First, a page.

Cultural Erotics in Cuban America
by Ricardo L. Ortíz
University of Minnesota Press, 2006
Paper: 978-0-8166-4796-5 | Cloth: 978-0-8166-4795-8
Library of Congress Classification E184.C97O77 2007
Dewey Decimal Classification 810.935296872911

ABOUT THIS BOOK | TOC
ABOUT THIS BOOK
Miami is widely considered the center of Cuban-American culture. However vital to the diasporic communities’ identity, Miami is not the only—or necessarily the most profound—site of cultural production. Looking beyond South Florida, Ricardo L. Ortíz addresses the question of Cuban-American diaspora and cultural identity by exploring the histories and self-sustaining practices of smaller communities in such U.S. cities as Los Angeles, Chicago, and New York.

In this wide-ranging work Ortíz argues for the authentically diasporic quality of postrevolutionary, off-island Cuban experience. Highlighting various forms of cultural expression, Cultural Erotics in Cuban America traces underrepresented communities’ responses to the threat of cultural disappearance in an overwhelming and hegemonic U.S. culture. Ortíz shows how the work of Cuban-American writers and artists challenges the heteronormativity of both home and host culture. Focusing on artists who have had an ambivalent, indirect, or nonexistent connection to Miami, he presents close readings of such novelists as Reinaldo Arenas, Roberto G. Fernández, Achy Obejas, and Cristina García, the playwright Eduardo Machado, the poet Rafael Campo, and musical performers Albita Rodríguez and Celia Cruz.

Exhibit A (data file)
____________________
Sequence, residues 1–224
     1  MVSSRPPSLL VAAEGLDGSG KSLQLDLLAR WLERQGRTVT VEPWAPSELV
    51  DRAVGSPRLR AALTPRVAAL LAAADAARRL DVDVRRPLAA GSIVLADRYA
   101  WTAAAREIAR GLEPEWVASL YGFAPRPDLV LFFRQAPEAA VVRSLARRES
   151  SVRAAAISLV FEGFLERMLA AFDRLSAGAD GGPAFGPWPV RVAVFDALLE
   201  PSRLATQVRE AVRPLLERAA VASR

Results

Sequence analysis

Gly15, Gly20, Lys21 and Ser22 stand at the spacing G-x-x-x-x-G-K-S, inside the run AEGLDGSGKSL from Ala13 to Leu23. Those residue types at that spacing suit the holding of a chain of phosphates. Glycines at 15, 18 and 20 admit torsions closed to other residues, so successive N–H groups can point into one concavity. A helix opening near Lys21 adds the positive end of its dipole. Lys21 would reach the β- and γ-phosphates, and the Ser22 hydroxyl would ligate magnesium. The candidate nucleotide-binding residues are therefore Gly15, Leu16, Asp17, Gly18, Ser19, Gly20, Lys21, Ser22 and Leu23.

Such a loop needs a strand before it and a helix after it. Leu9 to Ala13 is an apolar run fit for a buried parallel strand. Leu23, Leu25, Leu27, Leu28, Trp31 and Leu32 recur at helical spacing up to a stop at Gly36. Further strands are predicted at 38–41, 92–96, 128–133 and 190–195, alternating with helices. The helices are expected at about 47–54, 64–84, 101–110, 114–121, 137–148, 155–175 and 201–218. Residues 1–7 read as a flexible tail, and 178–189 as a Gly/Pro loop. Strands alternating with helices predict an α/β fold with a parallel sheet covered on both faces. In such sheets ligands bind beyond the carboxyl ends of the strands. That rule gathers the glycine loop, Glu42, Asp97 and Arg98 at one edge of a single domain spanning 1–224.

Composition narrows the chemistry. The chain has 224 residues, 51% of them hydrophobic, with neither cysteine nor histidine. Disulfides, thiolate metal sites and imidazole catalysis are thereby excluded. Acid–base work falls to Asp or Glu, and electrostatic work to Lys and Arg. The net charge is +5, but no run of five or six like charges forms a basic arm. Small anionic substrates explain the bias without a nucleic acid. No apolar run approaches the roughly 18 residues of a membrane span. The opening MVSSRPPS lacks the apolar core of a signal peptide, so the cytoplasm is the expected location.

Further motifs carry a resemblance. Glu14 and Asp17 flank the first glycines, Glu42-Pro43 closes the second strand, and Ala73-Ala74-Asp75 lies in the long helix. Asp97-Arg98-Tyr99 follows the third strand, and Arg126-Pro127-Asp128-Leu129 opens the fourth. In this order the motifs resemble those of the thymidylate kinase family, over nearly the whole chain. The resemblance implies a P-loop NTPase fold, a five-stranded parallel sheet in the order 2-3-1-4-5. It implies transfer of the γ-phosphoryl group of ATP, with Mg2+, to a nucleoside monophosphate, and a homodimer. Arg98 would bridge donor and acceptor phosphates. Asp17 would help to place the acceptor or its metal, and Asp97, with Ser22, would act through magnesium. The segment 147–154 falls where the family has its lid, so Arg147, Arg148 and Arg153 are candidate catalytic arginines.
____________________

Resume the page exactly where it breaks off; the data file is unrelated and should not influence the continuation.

Ortíz charts the legacies of sexism and homophobia in patriarchal Cuban culture, as well as their influence on Cuban-revolutionary and Cuban-exile ideologies. Moving beyond the outdated cultural terms of the Cold War, he looks forward to envision queer futures for Cuban-American culture free from the ties to restrictive—indeed, oppressive—constructions of nation, place, language, and desire.

Ricardo L. Ortíz is associate professor of English at Georgetown University.

See other books on: Exiles | Exiles in literature | Languages | Migrations | Spanish language
See other titles from University of Minnesota Press

Reference metadata exposed for Zotero via unAPI.